This week marked the penultimate nail in my social media ‘coffin’. I’ve been entrenched in a negative mindset for the last few weeks, for a number of reasons, and feeling inflammatory, I posted a negative tweet about urban twitching on my personal twitter account. This led to a few people challenging my views, perhaps rightfully so, but one of them said I was negative and narrow-minded. I concede that I was being negative and make no bones that when I’m ‘on one’ negatively, then negative I certainly am. However, I took great offence at being called narrow-minded. I’ve built Bird Therapy on inclusion and my career has been built on inclusion.

So anyway, I decided to deactivate that account too and disconnect for a bit. I reflected on being a parent and the changes that’s brought to my perspective on life in general. I don’t need the gratification anymore – I certainly don’t want my daughter to grow up and see the kind of negativity that surrounds having an opinion, or the personal comments that transpire on the internet. I feel, that it’s a good time to return to the ‘real world’ and focus on what really matters – family and work.

The first day was weird. I kept impulsively, well compulsively, getting my phone out of my pocket and clicking on the now non-existent app icon. Then I found myself getting this weird urge, like a pulse in my head, a feeling that I should check it somehow. But that’s gone today, leaving behind an air of serenity around everything.

It’s weird but wonderful, not having all the latest bird sightings just one-click away. It peels away a layer of birdwatching that I’ve explored in the book, allowing you to feel more attuned to nature and it’s rhythms. By that, I mean it’s just me and those rhythms, not a rhythm of updates sent out from other people, that I then try to live out in my own experiences. I only have Instagram left now and in all fairness, the crap-level is almost zero, as generally, it’s just lots of pretty pictures and not opinions!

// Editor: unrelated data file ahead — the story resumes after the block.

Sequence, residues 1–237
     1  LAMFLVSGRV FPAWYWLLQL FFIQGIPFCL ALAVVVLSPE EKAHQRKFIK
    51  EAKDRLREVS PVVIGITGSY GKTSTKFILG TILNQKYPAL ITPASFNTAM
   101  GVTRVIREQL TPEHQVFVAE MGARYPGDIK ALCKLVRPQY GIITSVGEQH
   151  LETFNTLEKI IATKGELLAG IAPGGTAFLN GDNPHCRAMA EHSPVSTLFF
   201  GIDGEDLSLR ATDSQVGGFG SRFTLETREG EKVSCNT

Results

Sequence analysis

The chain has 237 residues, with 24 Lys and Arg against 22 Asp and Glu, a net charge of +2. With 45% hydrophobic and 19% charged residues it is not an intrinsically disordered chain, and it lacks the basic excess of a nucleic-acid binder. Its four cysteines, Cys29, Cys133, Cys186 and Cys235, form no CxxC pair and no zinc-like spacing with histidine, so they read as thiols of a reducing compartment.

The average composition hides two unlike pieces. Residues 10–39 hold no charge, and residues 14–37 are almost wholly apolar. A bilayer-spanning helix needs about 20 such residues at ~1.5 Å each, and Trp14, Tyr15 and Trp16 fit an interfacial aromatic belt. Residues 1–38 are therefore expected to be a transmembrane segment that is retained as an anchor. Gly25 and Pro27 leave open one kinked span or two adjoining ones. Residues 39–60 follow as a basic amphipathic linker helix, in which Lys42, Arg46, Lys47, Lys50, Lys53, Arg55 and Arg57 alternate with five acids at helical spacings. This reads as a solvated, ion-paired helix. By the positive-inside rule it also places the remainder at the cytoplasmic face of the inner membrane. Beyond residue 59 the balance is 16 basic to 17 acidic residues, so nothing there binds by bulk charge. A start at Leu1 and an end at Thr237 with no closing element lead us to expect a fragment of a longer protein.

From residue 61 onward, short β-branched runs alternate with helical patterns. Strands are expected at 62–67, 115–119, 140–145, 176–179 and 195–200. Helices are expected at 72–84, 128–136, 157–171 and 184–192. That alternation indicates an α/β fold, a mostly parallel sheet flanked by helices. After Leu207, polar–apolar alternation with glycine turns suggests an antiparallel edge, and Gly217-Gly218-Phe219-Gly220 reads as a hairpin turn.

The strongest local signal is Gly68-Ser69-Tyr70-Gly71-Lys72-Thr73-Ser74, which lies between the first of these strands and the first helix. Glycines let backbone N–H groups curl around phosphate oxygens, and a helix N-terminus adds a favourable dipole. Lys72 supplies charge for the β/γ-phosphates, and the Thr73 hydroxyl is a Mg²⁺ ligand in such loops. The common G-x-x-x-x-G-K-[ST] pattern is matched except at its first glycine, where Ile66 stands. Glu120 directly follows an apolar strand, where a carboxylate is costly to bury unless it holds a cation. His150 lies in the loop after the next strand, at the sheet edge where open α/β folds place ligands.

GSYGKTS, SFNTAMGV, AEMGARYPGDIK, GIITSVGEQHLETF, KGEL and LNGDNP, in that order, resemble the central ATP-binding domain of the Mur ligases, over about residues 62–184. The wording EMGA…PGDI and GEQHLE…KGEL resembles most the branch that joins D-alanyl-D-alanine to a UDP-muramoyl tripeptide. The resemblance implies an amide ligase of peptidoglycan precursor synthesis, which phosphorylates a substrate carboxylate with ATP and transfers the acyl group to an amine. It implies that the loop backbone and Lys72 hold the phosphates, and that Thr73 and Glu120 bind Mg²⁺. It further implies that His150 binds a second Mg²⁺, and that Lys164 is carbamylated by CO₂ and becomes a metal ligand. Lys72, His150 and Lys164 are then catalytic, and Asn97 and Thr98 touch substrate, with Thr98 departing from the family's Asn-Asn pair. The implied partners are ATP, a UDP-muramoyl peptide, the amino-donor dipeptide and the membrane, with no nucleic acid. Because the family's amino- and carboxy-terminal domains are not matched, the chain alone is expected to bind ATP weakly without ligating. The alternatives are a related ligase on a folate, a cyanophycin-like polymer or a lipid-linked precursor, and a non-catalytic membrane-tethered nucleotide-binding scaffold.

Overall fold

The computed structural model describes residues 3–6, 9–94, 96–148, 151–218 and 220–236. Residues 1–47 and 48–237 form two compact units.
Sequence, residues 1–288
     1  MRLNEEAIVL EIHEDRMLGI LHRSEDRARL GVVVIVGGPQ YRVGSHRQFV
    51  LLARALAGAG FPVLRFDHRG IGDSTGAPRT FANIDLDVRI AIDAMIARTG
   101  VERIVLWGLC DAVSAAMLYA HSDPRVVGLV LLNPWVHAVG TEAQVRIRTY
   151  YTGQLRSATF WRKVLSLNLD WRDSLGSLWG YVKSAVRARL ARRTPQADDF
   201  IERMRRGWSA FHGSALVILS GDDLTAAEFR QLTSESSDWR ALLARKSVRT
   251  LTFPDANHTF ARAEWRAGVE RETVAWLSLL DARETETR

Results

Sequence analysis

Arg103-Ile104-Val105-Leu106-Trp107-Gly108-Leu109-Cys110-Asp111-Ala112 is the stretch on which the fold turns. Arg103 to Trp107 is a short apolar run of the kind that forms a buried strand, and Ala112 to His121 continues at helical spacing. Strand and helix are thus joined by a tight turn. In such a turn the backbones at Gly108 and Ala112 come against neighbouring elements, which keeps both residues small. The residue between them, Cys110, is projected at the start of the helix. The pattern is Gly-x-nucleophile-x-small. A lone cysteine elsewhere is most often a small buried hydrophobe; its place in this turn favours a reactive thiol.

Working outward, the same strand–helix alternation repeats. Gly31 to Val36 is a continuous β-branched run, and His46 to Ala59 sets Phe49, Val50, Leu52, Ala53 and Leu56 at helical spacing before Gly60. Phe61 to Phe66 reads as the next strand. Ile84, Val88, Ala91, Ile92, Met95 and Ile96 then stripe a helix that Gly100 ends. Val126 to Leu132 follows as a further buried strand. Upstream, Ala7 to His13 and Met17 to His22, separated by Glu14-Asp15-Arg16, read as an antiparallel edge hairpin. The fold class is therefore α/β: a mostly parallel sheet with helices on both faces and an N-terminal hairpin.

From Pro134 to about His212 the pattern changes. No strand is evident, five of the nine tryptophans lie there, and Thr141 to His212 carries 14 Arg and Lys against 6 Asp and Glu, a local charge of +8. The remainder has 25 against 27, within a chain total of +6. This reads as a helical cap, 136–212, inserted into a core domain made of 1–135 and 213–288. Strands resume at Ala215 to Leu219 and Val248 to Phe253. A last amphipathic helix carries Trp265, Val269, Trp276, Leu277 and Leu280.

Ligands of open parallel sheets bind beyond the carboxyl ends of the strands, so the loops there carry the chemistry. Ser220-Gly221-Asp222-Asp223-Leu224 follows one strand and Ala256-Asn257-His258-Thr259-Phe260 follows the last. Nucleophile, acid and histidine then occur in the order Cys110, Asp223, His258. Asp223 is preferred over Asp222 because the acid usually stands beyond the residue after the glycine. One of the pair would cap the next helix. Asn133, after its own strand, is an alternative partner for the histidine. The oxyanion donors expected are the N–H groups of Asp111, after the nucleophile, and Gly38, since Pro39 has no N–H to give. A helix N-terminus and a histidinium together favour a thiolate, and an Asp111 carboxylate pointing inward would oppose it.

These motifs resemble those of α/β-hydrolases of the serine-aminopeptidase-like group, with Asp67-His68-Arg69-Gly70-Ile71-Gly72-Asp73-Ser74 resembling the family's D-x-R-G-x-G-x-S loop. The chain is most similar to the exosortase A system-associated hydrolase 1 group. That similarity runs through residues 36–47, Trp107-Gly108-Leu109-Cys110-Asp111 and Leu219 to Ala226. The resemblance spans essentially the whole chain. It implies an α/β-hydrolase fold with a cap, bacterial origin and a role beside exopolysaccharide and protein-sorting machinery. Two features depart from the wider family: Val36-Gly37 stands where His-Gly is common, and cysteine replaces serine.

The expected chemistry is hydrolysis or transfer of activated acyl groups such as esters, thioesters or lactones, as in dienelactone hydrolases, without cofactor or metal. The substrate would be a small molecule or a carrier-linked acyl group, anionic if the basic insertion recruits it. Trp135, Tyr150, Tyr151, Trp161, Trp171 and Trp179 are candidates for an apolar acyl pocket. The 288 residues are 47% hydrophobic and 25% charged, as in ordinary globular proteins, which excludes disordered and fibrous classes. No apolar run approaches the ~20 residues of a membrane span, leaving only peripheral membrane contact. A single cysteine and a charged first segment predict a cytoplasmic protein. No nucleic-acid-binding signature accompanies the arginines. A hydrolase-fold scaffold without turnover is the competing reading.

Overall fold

I stood in the garden today, hanging the washing out and allowed my senses to absorb my surroundings. The microcosmic world of our back garden, opened out around me, free. It was warm today and the sun felt smooth on the skin of my arms – bringing back memories of our scorched-earth summer. A Chaffinch flew over, uttering the classic ‘pink’ call of a lone bird, heading to the verdant tree cover of the cemetery.

Starlings and Sparrows sputtered and whirred from the tiles and gutters of the houses behind me. A distant Buzzard mewed, somewhere over the sewage works and sheltered stream-course. Local wonders and little pleasures. The things I’d forgotten in my ongoing battle against my addictive personality. How uncluttered and fluid I feel now though, with focus and realisation of what really matters. It’s my WeBS count tomorrow, and I know that there’ll be a smattering if wildfowl and if I’m lucky, a Kingfisher. But do I really care? Not at all. It’ll be like returning to a safe haven again. As the poet William Henry Davies asked; “what is this life, if full of care, we have no time to stand and stare?” I’ve just rediscovered that time.

One thought on “Antisocial Media Pt. 4

  1. Admittedly Twitter can be a difficult experience in many ways. It’s easy to get stressed, disappointed, even offended. But I’ve actually found using Twitter has ultimately helped my self-belief. At times when I’ve inadvertently frustrated someone, or annoyed them (or vice versa), it’s allowed me to reflect for a few moments and usually, but not always, conclude that I have a right to my opinion and so long as it’s reasonable and if need be backed up by evidence, then no one can deny me that right of self-expression. I learn something each day, whether about the world, others, or myself, or of course about nature.
    However, I’ve had to try to limit my Twitter activity as it can be addictive.


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